June 15, 2006 12:30 PM PDT

Online threats outpacing law crackdowns

(continued from previous page)

Law enforcement alone cannot solve the phishing and botnet problems, Rusch and Whitmore said. The technology industry and consumers have key parts to play, they said.

"Part of the problem is the way we design the online environment for users," Rusch said. It should be easier for people to see whether a site can be trusted or not, he said. Some of that is happening today with increased security coming in new Web browsers, for example.

A stronger effort to take down phishing Web sites is also welcome, he said. The average phishing Web site was up for five days in April, and that's too long, Rusch said.

In fighting bots, Whitmore sees benefits in Internet service providers delivering security software to their users. "The long-term benefit of ISPs becoming more involved would be an overall reduction of malicious code on the Internet, and most of us believe that's a good thing," she said.

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You don't need security software
Just stop browsing the web and reading email in an administrator account. The websites you browse and the spammers who send yo email don't need to have administrator privileges on your computer (actually they do need those so they can it over. Don't let them. Go to "control panel", then to "User accounts". Create a "limited account". Use only that account unless you really need to do maintenance on your system, such as system updates, or if you absolutely need to use software that doesn't work in a limited account. If the software is not something used for maintaining your system it shouldn't need any admin privileges and should run under a "limited" user's account. If it doesn't consider using an alternative. If the vendor cannot make it work without accessing privileged system resources that are only needed for system maintenance the software probably isn't very secure.)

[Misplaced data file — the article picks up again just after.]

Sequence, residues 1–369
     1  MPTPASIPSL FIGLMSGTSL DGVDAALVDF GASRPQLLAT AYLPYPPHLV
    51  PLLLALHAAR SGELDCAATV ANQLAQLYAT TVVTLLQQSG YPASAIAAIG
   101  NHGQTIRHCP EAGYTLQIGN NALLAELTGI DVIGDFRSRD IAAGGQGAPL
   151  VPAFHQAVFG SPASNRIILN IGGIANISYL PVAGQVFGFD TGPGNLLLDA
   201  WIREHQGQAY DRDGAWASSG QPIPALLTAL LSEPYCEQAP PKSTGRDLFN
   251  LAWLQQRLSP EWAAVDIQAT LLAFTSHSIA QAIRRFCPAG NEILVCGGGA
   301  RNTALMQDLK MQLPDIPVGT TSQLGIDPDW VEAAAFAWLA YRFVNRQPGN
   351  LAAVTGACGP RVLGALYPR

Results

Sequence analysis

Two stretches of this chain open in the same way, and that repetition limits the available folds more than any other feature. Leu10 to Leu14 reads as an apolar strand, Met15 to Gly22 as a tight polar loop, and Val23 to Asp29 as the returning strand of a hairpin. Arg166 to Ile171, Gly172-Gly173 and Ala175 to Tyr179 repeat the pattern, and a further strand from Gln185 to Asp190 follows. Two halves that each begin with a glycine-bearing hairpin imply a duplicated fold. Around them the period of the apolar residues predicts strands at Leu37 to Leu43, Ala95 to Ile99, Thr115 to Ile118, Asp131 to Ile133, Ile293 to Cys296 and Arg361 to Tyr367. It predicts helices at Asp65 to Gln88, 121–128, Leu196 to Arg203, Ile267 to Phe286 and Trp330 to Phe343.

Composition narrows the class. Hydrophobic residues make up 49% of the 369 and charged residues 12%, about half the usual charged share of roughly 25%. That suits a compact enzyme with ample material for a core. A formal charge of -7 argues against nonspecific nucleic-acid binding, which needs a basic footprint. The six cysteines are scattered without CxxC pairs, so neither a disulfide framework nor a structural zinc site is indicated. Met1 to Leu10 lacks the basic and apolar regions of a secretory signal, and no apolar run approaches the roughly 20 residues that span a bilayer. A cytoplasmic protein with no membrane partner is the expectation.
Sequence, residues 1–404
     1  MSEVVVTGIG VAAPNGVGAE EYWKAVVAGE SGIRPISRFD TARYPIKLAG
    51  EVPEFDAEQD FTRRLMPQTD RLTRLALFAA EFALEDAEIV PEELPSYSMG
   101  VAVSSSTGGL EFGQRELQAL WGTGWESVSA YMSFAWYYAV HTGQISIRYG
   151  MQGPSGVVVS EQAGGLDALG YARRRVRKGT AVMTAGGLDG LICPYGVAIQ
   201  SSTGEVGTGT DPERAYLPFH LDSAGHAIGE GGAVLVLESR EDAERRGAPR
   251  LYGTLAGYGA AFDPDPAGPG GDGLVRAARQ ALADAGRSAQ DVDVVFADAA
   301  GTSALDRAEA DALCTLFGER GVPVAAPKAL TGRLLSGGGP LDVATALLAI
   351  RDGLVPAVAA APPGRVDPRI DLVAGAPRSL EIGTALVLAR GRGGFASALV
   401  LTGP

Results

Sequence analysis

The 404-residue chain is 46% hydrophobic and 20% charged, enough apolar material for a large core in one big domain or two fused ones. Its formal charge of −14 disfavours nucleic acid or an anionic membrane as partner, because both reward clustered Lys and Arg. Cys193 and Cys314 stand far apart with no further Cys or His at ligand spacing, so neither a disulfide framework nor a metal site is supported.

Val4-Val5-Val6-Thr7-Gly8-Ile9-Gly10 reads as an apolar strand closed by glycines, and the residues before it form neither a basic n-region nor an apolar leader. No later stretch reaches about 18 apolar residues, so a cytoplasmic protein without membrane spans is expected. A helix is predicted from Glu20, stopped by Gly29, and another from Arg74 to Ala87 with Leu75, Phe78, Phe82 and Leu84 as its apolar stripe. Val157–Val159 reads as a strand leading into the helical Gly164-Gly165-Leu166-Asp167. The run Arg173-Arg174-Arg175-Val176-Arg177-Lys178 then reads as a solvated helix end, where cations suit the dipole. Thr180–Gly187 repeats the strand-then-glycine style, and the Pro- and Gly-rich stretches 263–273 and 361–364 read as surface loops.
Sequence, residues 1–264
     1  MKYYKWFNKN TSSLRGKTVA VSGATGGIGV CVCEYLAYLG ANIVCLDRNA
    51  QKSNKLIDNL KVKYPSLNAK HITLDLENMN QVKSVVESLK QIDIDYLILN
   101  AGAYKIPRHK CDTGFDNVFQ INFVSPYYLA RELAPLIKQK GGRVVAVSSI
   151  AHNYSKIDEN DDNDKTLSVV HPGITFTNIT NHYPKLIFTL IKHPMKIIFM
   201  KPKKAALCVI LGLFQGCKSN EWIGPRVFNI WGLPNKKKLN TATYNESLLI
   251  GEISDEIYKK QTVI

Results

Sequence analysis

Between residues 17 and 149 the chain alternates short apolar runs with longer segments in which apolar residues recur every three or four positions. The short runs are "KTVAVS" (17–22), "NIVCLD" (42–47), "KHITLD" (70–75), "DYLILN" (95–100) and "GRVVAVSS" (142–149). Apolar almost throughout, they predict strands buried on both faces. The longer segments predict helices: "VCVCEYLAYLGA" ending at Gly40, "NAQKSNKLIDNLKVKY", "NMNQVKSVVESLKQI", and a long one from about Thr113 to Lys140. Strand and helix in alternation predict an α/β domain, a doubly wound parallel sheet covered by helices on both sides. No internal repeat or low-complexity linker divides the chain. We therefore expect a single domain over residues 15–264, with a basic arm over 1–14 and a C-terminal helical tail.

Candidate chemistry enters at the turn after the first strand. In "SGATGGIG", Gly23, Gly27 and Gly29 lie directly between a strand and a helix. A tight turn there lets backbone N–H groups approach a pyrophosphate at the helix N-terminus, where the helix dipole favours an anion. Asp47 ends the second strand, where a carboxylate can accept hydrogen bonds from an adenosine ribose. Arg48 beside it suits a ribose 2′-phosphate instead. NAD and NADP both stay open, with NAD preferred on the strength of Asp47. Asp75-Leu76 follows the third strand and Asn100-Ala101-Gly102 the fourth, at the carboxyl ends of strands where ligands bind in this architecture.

The "privileges" that come with your account are provileges granted to the software you run, not to you. You can always switch to an admin account on your computer. You should ceertainly not grant admin permissions to the software run by the email you recive or the websites you visit!
Posted by hadaso (468 comments )
Reply Link Flag
Good advice, though incomplete.
That's good advice, though incomplete. While
running as a limited user may stop some malware,
it won't stop the most insidious malware. There
are a number of vectors for infection that can
circumvent that under current versions of
Windows (hopefully addressed in Vista). You can
find some proof-of-concept code out there on the
net and try it yourself.

No, your best bets are: good up-to-date security
software (none are complete, but most are quite
good), if you have the know-how and resources,
running your Internet client software in a VM
that doesn't save changes to disk (ref VMWare's
products), or skip Windows altogether (there are
several good alternatives these days).
Posted by Zymurgist (397 comments )
Link Flag
Dude shut up.
Are you insane? Stop living under a mushroom and do some more research.
Posted by stacksmasher (8 comments )
Link Flag
encryption on both ends
Websites getting bot attacks should try html encryption, which would prevent actual source code from being viewed, particularly email addresses.

For your computer, shielding your sensitive information from unauthorized access is the safe bet. Using a combination of encryption and usage control over files and email should be a part of your firewall security practice.
<a class="jive-link-external" href="http://www.essentialsecurity.com/products.htm" target="_newWindow">http://www.essentialsecurity.com/products.htm</a>
Posted by 209979377489953107664053243186 (71 comments )
Reply Link Flag
Guide lines for software program protectionfrom home office; Emu?
Latest web-logistics have lent me into the unknown arms of a notorious skylore. My "yea yea" file extraction utility is in ***!

'Blues Clues"; maybe very unimportant except to free wi-fi tunes.
Posted by Stalin Hornsby (60 comments )
Link Flag
threat to efficiency of the WWW
Seems to me that ISPs, the government, and endusers would be interested. The garbage out there clogs the WWW and could well be eliminated. Homeland Security, it would seem, would be the right agency to clear this up in a hurry.

There ought to be a quick &#38; easy reporting/complaint procedure. If eBay can do it, everyone else should be able to.

If the government can't effect a crackdown, we should all be worried about it's ability to deal with anything.

Any more ideas?

Posted by Soularddave (14 comments )
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